Two APM Takeaways from Velocity Santa Clara 2014
July 07, 2014

Denis Goodwin
SmartBear

Share this

Last week my team and I spent several days at the Velocity conference for web application and performance – arguably the one place where the most technical of performance folk and the most business focused web folk come together and focus solely on application performance. Anyone with a vested interest is there to learn, debate and show off their latest and greatest products and ideas. As the team and I spent time talking to customers, attending sessions and visiting vendors I was struck by a couple of interesting trends that seemed to stand out.


1. Continuous Development/Integration + Tools Fragmentation

Interestingly enough, while everyone was talking about continuous integration, very few solutions actually play well with each other – never mind being integrated in the same platform. I was particularly struck by the tremendous amount of fragmentation in the market. A lot of vendors are solving just one part of the problem. As the CEO of one exhibitor said to me when I pressed him on this point: the specific pain points and their separate solutions represent a big enough problem as it is – solving the larger problem of bringing all the parts together is almost insurmountable at this particular moment in time for this market lifecycle. This is true for almost every APM vendor in the marketplace today.  

Many of the folks I spoke with at the show are using several solutions simultaneously in order to measure all different parts of the full APM spectrum — user experience, performance, and availability. This seemed at odds with the buzz around DevOps and continuous integration and delivery. If users aren’t able to standardize on a common tool to monitor their production web apps and APIs, how can they possibly be consistent in measuring the quality of their user’s experience while delivering those apps via continuous integration? If there are multiple tools being used to measure user experience via synthetic and real monitoring and load testing in production, how many are being added in pre-production environments? How does a team know what the varied data is showing them if each tool only shows an individual part on its own terms?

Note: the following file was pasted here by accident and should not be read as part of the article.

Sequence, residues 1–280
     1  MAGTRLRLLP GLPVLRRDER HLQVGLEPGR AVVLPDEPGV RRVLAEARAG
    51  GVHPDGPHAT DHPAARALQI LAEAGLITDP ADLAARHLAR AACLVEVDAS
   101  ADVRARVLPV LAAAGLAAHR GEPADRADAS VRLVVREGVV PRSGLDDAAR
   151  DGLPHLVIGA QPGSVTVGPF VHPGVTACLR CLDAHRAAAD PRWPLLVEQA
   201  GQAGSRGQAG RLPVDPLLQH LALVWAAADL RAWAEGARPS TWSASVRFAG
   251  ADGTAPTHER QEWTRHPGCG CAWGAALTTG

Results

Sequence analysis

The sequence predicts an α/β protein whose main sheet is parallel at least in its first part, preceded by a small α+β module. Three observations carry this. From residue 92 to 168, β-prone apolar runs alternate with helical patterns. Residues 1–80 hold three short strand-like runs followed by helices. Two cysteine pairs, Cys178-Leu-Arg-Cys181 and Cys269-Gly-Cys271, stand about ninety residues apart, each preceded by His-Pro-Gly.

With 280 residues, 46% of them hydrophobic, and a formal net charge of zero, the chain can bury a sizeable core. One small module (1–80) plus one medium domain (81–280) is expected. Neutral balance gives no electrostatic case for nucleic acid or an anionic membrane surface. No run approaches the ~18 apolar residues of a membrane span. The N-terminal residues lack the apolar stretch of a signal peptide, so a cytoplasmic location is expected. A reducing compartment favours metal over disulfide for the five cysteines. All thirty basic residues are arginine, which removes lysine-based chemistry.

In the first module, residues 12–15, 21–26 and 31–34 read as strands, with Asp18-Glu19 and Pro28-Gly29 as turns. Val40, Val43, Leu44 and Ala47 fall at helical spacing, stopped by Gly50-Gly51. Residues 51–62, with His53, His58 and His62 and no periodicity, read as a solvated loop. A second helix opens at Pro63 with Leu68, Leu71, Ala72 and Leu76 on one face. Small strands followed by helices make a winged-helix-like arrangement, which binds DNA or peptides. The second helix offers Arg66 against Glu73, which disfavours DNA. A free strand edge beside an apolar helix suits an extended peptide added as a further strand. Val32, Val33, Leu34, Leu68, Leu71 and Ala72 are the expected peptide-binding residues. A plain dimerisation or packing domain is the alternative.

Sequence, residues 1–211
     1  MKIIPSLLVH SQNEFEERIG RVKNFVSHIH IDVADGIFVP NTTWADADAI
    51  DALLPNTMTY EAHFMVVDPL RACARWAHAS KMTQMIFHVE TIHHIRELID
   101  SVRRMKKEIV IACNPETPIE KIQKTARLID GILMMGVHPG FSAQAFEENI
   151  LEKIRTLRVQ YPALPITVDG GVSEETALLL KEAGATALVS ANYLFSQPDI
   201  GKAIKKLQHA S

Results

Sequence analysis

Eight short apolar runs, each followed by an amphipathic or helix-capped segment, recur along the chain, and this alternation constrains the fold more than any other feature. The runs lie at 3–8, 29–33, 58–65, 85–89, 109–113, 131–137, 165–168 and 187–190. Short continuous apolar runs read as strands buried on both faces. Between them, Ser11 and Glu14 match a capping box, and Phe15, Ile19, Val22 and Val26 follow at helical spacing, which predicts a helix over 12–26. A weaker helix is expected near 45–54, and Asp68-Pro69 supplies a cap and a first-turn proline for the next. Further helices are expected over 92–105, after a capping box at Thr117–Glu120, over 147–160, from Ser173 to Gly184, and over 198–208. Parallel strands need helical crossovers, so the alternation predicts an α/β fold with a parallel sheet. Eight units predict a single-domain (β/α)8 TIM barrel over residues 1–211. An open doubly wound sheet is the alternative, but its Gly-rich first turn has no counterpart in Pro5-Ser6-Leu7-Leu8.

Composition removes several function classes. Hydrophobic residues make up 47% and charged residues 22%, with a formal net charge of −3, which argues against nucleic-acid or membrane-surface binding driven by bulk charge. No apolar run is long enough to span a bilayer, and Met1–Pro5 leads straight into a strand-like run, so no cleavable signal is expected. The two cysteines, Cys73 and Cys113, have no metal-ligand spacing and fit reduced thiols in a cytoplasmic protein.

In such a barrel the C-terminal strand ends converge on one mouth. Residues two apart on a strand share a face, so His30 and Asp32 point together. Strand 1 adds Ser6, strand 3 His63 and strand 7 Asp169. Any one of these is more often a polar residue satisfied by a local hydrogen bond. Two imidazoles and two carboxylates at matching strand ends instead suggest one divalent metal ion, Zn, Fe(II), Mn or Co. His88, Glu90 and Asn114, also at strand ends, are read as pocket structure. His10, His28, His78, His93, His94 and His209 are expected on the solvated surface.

2. Load Testing = Very Popular Topic

It was interesting to see load testing get as much emphasis as it did, among both vendors and attendees. What really seemed to generate excitement was the importance of tightly connecting both load testing and synthetic monitoring.  Companies need the ability to apply load against their applications for a simultaneous understanding of the user experience – before going live. Without the ability to empathize with the end user, companies can never confidently deploy their applications. The move to continuous delivery and integration only amplifies the importance of stressing your applications on a regular basis and the need for tools that enable efficient load tests. It also calls for excellent diagnostic tools to facilitate fixes and so facilitate time to market.

Is it possible that what’s old is new again? Does continuous integration and delivery require a new way of doing old things? Is it simply applying the same approach to multiple environments simultaneously? It seems that bringing a consistency to measurement and assessment methodologies across environments, coupled with continuous assessment and feedback, is a key to ensuring that your software improves with each iteration. Equally important is an easy to deploy toolset that is accessible and provides insights to users developing applications as well as those supporting them in production.

Denis Goodwin is Director of Product Management, APM, AlertSite UXM, SmartBear Software.


Denis Goodwin at Velocity 2014

Share this

The Latest

September 27, 2022

Users have high expectations around applications — quick loading times, look and feel visually advanced, with feature-rich content, video streaming, and multimedia capabilities — all of these devour network bandwidth. With millions of users accessing applications and mobile apps from multiple devices, most companies today generate seemingly unmanageable volumes of data and traffic on their networks ...

September 26, 2022

In Italy, it is customary to treat wine as part of the meal ... Too often, testing is treated with the same reverence as the post-meal task of loading the dishwasher, when it should be treated like an elegant wine pairing ...

September 23, 2022

In order to properly sort through all monitoring noise and identify true problems, their causes, and to prioritize them for response by the IT team, they have created and built a revolutionary new system using a meta-cognitive model ...

September 22, 2022

As we shift further into a digital-first world, where having a reliable online experience becomes more essential, Site Reliability Engineers remain in-demand among organizations of all sizes ... This diverse set of skills and values can be difficult to interview for. In this blog, we'll get you started with some example questions and processes to find your ideal SRE ...

September 21, 2022

US government agencies are bringing more of their employees back into the office and implementing hybrid work schedules, but federal workers are worried that their agencies' IT architectures aren't built to handle the "new normal." They fear that the reactive, manual methods used by the current systems in dealing with user, IT architecture and application problems will degrade the user experience and negatively affect productivity. In fact, according to a recent survey, many federal employees are concerned that they won't work as effectively back in the office as they did at home ...